‘Poised for a renaissance’

Published 10:04 am Friday, June 21, 2013

Western Tidewater got another encouraging sign the area’s economy is on the upswing. Gov. Bob McDonnell’s office has announced that Franklin Lumber LLC has bought the sawmill formerly owned and operated by International Paper in Isle of Wight County.

In addition to initially creating 72 jobs, with the potential for more, the new mill owners Terry Godwin and Perk Taylor will put in $14.8 million for capital investments over the next five years.

The project has come about in part through a cooperative effort among several different agencies. But it was International Paper that made the most significant contribution by allowing the mill to be reopened, a rare move by the company.

This alone tells us that the region is worthy not just of new industry, but also reinvestment by existing business.

There are three other examples that deserve recognition that support our claim.

Last week The Village at Woods Edge announced a memory care center will be built at the retirement community. The Village’s Board of Directors worked with both the city of Franklin and Southampton on the project, which will cost $3 million, and ultimately employ 14 full-time equivalent positions to the existing 70 employees.

During last week’s 50th anniversary celebration, the guests were told the nearby Southampton Orthopaedic and Sports Medicine Center is expected to open in autumn. The Skilled Nursing Facility will also get a facelift. Both are signs that the hospital’s not content to merely rest on an already golden reputation. Instead, the board of directors sees that the needs more than justify the costs for these projects.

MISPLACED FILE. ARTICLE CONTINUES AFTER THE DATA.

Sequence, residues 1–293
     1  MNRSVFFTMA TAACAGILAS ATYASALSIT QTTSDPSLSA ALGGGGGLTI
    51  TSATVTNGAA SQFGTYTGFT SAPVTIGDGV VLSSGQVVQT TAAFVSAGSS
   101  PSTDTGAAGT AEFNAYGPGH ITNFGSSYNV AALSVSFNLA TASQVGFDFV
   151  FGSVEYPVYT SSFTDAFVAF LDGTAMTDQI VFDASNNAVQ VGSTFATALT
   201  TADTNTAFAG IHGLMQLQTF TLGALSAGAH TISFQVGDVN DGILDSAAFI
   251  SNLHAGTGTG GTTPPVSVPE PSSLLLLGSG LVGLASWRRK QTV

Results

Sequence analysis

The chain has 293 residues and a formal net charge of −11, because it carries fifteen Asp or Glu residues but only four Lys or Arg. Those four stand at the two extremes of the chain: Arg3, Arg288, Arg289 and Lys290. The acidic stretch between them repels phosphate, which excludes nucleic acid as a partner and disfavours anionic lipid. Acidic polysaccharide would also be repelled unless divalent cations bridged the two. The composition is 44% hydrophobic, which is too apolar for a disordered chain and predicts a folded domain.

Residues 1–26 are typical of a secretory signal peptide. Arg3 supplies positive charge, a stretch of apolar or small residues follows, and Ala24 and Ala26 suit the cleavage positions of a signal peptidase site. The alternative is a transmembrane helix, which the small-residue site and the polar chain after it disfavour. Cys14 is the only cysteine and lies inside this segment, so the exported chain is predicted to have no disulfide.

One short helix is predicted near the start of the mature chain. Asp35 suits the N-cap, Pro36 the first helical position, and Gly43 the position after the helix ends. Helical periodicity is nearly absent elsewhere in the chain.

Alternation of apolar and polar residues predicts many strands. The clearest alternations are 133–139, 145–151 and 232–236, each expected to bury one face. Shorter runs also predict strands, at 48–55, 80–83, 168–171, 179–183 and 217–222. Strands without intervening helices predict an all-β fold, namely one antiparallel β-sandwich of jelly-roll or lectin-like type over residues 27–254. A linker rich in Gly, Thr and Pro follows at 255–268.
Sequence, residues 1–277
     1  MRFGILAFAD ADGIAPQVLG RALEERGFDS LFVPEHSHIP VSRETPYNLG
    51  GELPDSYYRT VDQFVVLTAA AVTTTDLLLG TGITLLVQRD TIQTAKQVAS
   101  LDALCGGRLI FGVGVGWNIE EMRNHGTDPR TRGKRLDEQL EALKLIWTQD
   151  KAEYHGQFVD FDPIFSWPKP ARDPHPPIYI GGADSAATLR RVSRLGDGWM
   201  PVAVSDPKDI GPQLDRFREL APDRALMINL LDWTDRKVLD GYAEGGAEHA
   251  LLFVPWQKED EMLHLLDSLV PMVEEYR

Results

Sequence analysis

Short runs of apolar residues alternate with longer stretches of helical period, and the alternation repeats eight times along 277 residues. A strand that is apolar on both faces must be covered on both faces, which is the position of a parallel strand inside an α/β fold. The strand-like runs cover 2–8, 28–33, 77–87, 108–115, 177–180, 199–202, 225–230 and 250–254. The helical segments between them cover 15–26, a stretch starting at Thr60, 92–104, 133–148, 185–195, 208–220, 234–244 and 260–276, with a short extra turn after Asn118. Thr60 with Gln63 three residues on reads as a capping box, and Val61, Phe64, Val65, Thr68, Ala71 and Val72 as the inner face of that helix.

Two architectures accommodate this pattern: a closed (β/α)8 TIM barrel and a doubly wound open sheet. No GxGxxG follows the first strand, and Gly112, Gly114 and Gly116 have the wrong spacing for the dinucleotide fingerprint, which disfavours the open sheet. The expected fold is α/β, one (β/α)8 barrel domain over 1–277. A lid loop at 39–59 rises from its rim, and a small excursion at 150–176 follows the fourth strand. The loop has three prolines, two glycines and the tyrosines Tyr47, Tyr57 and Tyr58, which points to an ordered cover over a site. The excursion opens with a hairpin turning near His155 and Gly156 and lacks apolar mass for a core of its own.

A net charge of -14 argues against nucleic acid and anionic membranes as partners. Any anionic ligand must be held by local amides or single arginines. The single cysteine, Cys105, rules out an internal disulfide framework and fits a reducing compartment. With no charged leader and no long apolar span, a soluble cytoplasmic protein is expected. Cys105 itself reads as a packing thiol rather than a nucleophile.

Last fall, Dominion Power began converting its Courtland plant from coal to wood-fueled. The project will cost $45 million, and is expected to be ready late this year, according to one of the company’s spokesmen. Further, the 30 employees will stay on with an annual payroll of $2.8 million. The conversion could also return as much as $25 million annually into the area economy, and even create 100 more jobs for forestry and trucking industries.

We encourage all existing businesses and industries to research how they can grow and enrich the community just by expanding in one form or another in Western Tidewater. Phil Wright II, chief executive officer at the hospital perhaps put it best last week in his remarks, “We’re poised for a renaissance.”